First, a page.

ComEd and Ameren say the measure would give them the funds to enhance reliability and construct a so-called smart grid. Those opposed to the bill say it would also allow ten years of rate increases. It's now headed back to the legislature in the upcoming veto session.
"Sustaining this veto is the most important consumer issue we have faced in a long, long time and we just can't let two big utility companies run over consumers and business all across our state," said Quinn.
AARP also released results of a survey which it says shows that consumers oppose the bill.
Statement from ComEd:
The poll conducted by AARP is not a legitimate or credible survey. It's a survey designed to produce a pre-ordained result. The language read to respondents is slanted with inaccurate and misleading information.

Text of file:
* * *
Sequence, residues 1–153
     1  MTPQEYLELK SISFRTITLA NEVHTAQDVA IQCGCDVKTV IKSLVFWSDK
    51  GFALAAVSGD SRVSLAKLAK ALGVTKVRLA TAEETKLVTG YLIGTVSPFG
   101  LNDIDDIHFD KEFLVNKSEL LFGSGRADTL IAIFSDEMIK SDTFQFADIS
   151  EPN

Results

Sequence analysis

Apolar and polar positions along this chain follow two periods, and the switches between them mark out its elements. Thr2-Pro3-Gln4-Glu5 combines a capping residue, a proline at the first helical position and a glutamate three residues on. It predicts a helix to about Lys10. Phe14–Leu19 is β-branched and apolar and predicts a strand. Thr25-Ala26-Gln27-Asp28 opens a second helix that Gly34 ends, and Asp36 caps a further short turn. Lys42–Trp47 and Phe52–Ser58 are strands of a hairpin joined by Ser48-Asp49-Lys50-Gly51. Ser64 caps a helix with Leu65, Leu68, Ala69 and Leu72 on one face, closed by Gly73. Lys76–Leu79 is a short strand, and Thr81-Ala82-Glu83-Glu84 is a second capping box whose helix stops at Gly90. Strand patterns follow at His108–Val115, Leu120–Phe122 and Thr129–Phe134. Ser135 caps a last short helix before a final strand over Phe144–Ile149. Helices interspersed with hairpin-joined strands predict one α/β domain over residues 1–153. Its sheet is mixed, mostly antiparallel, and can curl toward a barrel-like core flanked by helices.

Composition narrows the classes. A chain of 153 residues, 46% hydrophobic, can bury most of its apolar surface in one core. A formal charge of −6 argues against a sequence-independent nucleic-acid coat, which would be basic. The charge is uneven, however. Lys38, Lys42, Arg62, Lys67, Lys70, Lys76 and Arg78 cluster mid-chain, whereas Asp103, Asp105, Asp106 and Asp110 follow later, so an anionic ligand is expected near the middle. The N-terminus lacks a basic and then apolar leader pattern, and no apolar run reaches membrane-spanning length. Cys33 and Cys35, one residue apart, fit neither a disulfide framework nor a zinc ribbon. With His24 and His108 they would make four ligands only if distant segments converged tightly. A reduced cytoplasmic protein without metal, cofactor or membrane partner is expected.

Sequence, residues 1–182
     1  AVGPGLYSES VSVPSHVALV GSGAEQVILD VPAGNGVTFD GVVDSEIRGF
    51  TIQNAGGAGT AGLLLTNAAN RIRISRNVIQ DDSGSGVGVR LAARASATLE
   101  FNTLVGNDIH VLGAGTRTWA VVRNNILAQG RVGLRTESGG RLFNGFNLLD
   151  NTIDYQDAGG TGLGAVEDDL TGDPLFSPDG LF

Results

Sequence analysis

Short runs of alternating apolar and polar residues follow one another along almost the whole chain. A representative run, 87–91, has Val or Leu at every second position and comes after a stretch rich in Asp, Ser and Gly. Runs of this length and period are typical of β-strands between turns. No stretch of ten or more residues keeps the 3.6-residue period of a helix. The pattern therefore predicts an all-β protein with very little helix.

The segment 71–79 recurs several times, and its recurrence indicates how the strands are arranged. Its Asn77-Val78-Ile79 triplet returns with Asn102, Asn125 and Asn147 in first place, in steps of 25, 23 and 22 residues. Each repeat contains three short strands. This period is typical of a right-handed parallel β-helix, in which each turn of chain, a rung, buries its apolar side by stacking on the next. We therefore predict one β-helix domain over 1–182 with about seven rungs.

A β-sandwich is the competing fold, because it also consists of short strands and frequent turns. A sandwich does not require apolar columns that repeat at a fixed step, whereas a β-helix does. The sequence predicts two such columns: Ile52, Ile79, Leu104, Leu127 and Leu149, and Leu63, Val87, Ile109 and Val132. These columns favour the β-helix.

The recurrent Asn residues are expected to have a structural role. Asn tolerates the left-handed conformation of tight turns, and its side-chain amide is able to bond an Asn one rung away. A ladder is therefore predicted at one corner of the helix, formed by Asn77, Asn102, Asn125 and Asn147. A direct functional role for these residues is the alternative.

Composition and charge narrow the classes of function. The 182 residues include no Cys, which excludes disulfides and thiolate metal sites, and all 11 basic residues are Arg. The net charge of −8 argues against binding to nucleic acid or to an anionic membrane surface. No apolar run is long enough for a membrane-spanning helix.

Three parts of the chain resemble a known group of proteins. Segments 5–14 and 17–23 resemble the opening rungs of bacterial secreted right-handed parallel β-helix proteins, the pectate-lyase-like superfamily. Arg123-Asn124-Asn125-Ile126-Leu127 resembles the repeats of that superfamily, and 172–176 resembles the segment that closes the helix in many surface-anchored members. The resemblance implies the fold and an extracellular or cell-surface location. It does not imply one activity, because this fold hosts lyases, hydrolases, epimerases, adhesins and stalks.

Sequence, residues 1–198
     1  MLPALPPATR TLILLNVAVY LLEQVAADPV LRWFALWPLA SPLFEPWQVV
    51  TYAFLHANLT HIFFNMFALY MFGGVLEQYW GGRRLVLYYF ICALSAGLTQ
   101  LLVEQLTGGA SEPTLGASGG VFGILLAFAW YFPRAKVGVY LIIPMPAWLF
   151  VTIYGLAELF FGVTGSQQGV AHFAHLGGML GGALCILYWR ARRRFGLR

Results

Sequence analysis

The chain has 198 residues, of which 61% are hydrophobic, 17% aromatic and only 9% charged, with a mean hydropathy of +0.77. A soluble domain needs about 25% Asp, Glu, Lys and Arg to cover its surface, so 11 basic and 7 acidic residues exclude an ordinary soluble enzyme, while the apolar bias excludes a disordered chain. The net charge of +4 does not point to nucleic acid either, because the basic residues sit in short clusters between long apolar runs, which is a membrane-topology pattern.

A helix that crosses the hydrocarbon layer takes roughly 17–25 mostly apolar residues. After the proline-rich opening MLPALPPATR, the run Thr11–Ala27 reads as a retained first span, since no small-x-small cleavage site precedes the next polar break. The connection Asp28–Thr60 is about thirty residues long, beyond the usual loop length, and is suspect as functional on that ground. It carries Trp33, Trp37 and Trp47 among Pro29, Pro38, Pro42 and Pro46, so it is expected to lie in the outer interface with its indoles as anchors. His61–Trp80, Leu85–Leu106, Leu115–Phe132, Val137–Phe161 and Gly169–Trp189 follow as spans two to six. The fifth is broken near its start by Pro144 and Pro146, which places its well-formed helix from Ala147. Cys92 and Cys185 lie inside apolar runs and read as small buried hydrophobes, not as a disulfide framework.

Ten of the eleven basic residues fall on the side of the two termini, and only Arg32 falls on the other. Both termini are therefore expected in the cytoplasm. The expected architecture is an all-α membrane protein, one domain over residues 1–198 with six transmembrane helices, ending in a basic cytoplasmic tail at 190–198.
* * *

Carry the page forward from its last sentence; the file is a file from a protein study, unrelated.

ComEd commissioned a poll in the last month that in fact found substantial support for modernizing the electric grid. This poll was conducted by one of the most respected polling firms in the nation, Peter Hart Research Associates.
Customers were asked their opinions on smart grid development and its potential reliability impacts. After hearing a description of a smart grid, three-quarters (76%) of customers support updating and modernizing Illinois's electric system to include the technology. And, two-thirds (64%) of customers believe smart grid technology has a great deal or a fair amount of potential to improve the reliability of electric service and reduce outages.
We believe Senate Bill 1652 provides an array of benefits to Illinois in terms of job creation, economic development, environmental protections, consumer savings, regulatory reform and modern infrastructure. We look forward to working with members of the General Assembly to help make these benefits a reality.